In defense of regulation

By BOB BUSSEL, University of Oregon Labor Education and Research Center professor emeritus

In 2003, at the request of then labor commissioner Dan Gardner, I wrote a history of Oregon’s Bureau of Labor and Industries (BOLI) to mark the agency’s 100th anniversary. During my research I came across an observation by Charles Gram, who served as labor commissioner from 1919 to 1943. Reflecting on his long career at the agency, Gram declared: “It is our experience that all the regulations possible will not make one go straight without continual watching, if he is not so inclined.”

I thought of Gram’s comment one recent morning as I read the New York Times. The U.S. Labor Department had fined a company $1.5 million for employing minors to clean meatpacking plants. The Environmental Protection Agency (EPA) was seeking to restore limits on power plant mercury emissions that were relaxed during the Trump administration. And a railroad union official expressed concern after the train derailment in East Palestine, Ohio, that accidents have increased since rail companies started running longer and bigger trains without any additional safety protocols. All this before I finished my first cup of coffee!

Unions have long led the fight for strong regulations and vigorous enforcement to protect the safety and health of workers and their communities. However, in a political culture that worships free enterprise and views government intervention as akin to blasphemy, efforts to regulate business practices and promote safety often face stiff opposition. The language the political right and its allies use to express their disdain for regulation is revealing: “overreaching,” “burdensome,” “punishing,” “job-killing,” and “freedom limiting.” Acting on these sentiments, the Trump administration aggressively cut regulations and relaxed enforcement, determining that the cost of regulation almost always outweighed the benefits. Closer to home, timber interests in Oregon recently sought (unsuccessfully) to overturn new rules protecting workers from heat and smoke.

Yet as the Times revealed, deregulation has real consequences when it comes to personal health and public safety. In the meatpacking plants, children were exposed to hazardous chemicals, and several suffered chemical burns. Mercury emissions especially harm residents of communities of color who, as EPA administrator Michael Regan observed, often and unjustly live near power plants. Residents of East Palestine are experiencing headaches, rashes, and nausea and fear long-term effects from chemicals that fell off the derailed trains.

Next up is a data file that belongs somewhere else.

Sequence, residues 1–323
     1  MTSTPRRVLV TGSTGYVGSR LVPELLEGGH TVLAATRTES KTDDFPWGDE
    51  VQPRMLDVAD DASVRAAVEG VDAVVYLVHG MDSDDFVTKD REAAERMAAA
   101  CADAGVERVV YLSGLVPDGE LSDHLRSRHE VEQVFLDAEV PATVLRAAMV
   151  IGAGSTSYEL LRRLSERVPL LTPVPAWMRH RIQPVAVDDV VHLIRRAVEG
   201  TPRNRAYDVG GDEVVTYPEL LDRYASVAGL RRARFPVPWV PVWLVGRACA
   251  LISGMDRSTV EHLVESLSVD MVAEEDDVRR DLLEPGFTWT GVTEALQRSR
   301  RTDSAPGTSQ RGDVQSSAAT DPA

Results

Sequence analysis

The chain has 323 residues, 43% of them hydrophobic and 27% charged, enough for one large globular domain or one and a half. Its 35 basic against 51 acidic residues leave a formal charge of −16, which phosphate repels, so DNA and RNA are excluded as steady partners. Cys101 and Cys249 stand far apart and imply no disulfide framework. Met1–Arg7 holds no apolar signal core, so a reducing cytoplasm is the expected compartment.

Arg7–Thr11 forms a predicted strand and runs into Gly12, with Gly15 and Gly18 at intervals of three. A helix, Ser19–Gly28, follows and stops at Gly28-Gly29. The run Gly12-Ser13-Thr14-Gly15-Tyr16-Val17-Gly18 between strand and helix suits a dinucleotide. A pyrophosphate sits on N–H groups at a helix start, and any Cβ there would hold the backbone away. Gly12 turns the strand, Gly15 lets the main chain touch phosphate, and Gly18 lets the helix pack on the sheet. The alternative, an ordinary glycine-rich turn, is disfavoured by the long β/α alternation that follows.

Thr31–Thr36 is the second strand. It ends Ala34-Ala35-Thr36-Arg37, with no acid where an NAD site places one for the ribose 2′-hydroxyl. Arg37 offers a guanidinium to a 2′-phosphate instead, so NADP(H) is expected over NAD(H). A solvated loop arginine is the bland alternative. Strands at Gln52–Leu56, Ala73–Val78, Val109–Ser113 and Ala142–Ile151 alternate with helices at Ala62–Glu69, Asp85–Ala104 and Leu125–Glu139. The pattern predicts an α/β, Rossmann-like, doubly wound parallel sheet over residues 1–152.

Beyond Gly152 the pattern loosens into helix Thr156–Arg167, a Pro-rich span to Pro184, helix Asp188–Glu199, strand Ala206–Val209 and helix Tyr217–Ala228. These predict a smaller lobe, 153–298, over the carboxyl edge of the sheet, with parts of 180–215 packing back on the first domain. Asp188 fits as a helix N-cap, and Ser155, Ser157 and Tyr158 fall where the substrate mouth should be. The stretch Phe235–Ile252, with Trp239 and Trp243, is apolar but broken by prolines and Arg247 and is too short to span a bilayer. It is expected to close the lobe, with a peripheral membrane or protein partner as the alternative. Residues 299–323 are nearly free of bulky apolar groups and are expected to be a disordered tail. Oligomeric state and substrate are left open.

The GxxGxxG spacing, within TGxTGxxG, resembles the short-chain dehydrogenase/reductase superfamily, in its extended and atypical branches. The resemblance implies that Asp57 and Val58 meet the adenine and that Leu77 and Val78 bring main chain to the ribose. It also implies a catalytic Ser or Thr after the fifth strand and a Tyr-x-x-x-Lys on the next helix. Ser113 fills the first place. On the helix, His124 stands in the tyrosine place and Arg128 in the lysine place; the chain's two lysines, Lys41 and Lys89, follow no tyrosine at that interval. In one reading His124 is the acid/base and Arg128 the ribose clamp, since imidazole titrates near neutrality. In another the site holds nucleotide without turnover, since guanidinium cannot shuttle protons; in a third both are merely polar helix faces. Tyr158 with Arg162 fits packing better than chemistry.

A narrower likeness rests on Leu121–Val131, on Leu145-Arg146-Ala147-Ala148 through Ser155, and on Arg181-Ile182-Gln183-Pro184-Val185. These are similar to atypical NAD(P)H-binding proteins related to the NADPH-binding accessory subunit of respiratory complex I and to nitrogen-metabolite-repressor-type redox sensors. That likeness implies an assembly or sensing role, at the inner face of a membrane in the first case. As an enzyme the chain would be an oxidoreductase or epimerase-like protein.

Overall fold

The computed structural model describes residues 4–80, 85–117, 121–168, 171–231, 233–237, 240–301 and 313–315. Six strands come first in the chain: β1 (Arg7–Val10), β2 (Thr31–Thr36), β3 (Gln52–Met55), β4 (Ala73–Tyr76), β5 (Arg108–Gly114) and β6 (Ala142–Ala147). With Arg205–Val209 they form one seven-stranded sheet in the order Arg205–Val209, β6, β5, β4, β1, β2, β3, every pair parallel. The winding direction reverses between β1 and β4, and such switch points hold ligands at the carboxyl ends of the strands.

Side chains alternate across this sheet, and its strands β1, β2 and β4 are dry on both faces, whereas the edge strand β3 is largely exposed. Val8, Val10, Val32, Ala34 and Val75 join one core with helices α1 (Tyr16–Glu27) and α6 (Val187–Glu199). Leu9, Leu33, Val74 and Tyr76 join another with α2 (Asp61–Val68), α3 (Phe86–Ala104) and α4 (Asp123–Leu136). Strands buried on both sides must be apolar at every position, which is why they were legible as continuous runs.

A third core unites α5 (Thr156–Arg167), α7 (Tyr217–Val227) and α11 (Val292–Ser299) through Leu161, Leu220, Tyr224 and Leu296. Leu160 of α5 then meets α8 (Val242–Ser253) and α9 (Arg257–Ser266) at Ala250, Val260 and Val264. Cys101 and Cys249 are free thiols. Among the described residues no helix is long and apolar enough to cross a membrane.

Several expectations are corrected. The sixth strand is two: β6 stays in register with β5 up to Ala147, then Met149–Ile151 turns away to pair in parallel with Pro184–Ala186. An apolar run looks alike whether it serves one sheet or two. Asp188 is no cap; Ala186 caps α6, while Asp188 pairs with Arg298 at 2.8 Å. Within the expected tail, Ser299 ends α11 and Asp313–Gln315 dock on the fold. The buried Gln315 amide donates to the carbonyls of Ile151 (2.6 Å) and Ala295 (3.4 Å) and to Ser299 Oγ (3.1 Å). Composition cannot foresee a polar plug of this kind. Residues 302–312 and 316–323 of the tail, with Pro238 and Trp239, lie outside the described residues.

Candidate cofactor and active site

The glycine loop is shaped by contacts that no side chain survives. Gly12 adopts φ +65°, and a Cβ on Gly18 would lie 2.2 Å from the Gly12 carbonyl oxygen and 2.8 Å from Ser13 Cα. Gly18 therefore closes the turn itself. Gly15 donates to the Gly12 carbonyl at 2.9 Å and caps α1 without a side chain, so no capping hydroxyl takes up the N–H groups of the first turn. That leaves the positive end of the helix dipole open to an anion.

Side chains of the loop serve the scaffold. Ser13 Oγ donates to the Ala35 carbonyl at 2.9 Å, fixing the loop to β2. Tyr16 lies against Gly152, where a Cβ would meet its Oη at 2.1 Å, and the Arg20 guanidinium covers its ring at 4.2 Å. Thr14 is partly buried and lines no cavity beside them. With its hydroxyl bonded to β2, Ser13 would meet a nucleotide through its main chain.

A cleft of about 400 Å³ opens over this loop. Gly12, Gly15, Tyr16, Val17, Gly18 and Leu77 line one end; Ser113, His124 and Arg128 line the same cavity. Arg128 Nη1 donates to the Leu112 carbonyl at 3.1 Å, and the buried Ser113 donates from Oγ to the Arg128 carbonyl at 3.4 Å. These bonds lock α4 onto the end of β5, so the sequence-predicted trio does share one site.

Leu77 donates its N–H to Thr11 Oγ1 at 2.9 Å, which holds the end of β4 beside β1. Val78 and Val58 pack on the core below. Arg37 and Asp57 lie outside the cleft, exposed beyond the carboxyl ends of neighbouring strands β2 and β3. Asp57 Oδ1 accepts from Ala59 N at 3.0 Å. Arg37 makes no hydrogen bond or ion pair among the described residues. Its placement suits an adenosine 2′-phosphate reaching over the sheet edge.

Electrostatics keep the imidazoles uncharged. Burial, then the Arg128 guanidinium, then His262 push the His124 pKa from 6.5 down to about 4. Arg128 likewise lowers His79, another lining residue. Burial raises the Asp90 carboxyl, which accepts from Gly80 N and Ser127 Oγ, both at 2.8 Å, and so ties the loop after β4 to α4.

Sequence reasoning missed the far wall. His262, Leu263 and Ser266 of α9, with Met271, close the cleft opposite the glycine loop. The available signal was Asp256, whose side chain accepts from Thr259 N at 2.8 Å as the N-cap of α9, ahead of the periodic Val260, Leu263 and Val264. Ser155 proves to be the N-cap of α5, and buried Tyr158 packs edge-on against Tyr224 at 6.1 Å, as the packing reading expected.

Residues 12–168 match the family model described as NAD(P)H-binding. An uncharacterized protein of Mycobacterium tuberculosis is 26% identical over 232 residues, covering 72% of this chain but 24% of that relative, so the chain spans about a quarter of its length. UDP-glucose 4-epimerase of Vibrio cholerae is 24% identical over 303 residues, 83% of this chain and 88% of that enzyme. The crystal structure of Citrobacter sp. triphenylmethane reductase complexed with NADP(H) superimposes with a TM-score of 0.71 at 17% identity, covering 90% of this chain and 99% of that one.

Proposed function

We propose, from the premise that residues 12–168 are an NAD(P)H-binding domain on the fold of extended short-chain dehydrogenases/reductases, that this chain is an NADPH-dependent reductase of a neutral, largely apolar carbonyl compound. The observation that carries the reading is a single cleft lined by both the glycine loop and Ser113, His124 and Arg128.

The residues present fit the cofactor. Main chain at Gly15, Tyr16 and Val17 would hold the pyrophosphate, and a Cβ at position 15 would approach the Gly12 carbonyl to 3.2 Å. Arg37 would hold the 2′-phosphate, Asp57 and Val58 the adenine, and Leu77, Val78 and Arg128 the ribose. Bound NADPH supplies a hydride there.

Management’s reaction at one of the meatpacking plants makes plain the need for strong regulation and enforcement. According to a Labor Department official, “when the wage and hour division arrived with warrants, the adults—who had recruited, hired, and supervised these children—tried to derail our efforts to investigate their employment practices.” The company was fined just over $15,000 for each of the 102 children illegally employed, an amount one advocate described as woefully insufficient to deter employer misconduct.

In this year’s session of the Oregon Legislature, we have a chance to strengthen regulations and enforcement. Lawmakers will consider increasing BOLI funding, and a bill (SB 592) to increase employer penalties for willful violations of safety standards. 

We can anticipate resistance from the usual suspects, and it will take a strong coalition of advocates to achieve victory. Without enhanced resources, as Charles Gram explained, “our laws will become but promissory notes—impressive to be sure—of the good will of the people of Oregon, but of no avail until translated into reality by proper financial support.”

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